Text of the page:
Friday, July 31, 2009

Crossing the Red Sea

If nothing productive is done soon, New Yorkers-now faced with a new $2.1 billion deficit-will soon be singing, "California Here I Come." As City Room reports: "The four-month-old state budget will face a $2.1 billion budget gap by the end of the fiscal year next March, the Paterson administration announced on Thursday, setting the stage for what will likely be a grueling special session of the Legislature in September as lawmakers debate what programs to cut."

And, as the NY Daily News editorializes, taxing the wealthy, with its been there, done that quality, is no longer an option: "Nor can the Legislature conceivably tax its way out of the hole. As Paterson said in a recent meeting with the Daily News Editorial Board: "The one thing that I feel about the personal income tax now is, now it's off the table . . . Every time you try to tell some of the groups that you're going to have to make cuts, their response was, well, you have to tax the rich. Well, you know what? We've done that. There's no further you could ever go in that process."

All this means is that real cutting is gonna need to be done: "So, the day has arrived for historic spending reductions that bring the state's revenues and costs into balance and bring both into line with the taxpayers' tapped-out ability to pay. The governor must challenge the Legislature to address New York's long-term needs rather than to craft short-term fixes bound to fail. He must think big and deliver big."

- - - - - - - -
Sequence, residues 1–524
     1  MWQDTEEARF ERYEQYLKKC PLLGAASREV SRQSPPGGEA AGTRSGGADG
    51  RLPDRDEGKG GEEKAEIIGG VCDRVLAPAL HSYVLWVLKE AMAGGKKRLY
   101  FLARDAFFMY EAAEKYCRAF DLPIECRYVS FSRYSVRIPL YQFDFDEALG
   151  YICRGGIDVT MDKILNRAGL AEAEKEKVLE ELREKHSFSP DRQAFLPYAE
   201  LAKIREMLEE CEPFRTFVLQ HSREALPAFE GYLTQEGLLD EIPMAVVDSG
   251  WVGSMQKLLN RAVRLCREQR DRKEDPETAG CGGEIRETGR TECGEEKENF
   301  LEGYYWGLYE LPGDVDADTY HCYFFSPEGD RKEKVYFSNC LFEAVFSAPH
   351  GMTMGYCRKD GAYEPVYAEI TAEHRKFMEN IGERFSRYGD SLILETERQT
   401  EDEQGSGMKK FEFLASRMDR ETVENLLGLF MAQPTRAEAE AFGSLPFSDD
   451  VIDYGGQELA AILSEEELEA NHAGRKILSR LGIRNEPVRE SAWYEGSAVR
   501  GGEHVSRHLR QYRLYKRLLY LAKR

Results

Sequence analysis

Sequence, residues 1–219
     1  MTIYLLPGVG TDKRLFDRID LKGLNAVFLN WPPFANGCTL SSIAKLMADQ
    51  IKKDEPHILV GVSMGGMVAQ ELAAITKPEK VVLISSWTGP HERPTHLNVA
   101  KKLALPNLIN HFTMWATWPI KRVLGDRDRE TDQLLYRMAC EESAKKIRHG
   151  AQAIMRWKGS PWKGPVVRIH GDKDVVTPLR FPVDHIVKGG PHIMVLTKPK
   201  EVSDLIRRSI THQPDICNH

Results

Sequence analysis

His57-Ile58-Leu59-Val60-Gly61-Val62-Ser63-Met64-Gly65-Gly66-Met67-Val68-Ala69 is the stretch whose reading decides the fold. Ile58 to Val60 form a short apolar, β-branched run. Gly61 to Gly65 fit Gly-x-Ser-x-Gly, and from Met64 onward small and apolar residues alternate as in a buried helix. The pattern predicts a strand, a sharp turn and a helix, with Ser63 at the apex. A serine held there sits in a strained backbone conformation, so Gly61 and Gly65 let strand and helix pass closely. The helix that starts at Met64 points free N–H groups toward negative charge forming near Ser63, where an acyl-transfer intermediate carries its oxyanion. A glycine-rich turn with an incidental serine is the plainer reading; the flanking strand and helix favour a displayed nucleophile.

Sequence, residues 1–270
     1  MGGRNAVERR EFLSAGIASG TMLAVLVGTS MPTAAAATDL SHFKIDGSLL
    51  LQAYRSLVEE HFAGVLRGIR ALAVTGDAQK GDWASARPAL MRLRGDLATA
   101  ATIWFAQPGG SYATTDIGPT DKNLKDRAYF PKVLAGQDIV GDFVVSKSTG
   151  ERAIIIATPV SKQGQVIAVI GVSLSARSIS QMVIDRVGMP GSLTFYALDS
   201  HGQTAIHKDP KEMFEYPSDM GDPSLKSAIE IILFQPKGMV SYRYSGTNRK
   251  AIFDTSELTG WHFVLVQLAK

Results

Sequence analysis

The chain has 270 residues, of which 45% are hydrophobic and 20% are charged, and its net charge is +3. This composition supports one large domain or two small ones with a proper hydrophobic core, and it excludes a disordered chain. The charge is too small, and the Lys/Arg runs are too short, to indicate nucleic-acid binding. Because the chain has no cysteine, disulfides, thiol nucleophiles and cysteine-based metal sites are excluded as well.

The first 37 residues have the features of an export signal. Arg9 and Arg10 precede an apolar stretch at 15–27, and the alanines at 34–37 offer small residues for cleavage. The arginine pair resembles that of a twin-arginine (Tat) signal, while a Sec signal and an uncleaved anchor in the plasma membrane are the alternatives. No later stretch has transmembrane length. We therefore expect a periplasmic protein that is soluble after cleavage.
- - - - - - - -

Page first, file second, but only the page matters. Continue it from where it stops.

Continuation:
But, what about the possibility of new revenue? When the legislature returns in September, the issue of wine in grocery stores will have to be put squarely on the table since it is a $100 million or more revenue stream from fees that will not pickpocket tax payers. A no brainer? Not if your the Last Mope that's standing on Main Street-the phony coalition created by liquor stores that are expiring before our very eyes-unable and unwilling to adapt to modern economic realities.

So the Governor, who sponsored the money producing bill in the first place, must demonstrate real leadership-and insist that this revenue source be tapped; along with the budget cutting that appears to be all bu inevitable with the revenue losses concomitant with the hemorrhaging of jobs that New York has experienced: "All told, New York has lost 236,000 jobs since the official start of the recession last August, with further job losses expected through 2010. The state unemployment rate is now projected to peak at 9.1 percent in the first quarter of 2010."

And while the Albany leaders are at it, why not try to tap the uncollected Indian cigarette tax revenues that have been left on the table because of the timidity of the governor. As the NY Post editorialized last winter: "Who knew the special interests opposing Gov. Paterson's budget cuts had it so easy? All they need to do to stop the gov dead in his tracks is . . . threaten to sue. That, at least, is the message Paterson is sending with his latest punt over the scandalous flow of illicit cigarettes from New York's Indian reservations - a trade that's costing New York hundreds of millions in lost tax dollars."

So some tough choices lie ahead. But if Paterson really wants to demonstrate leadership in order to salvage any chance of retaining his seat, he must begin to, well, lead. Getting the wine issue across the finish line, and going after Indian scofflaws would be a step in the right direction.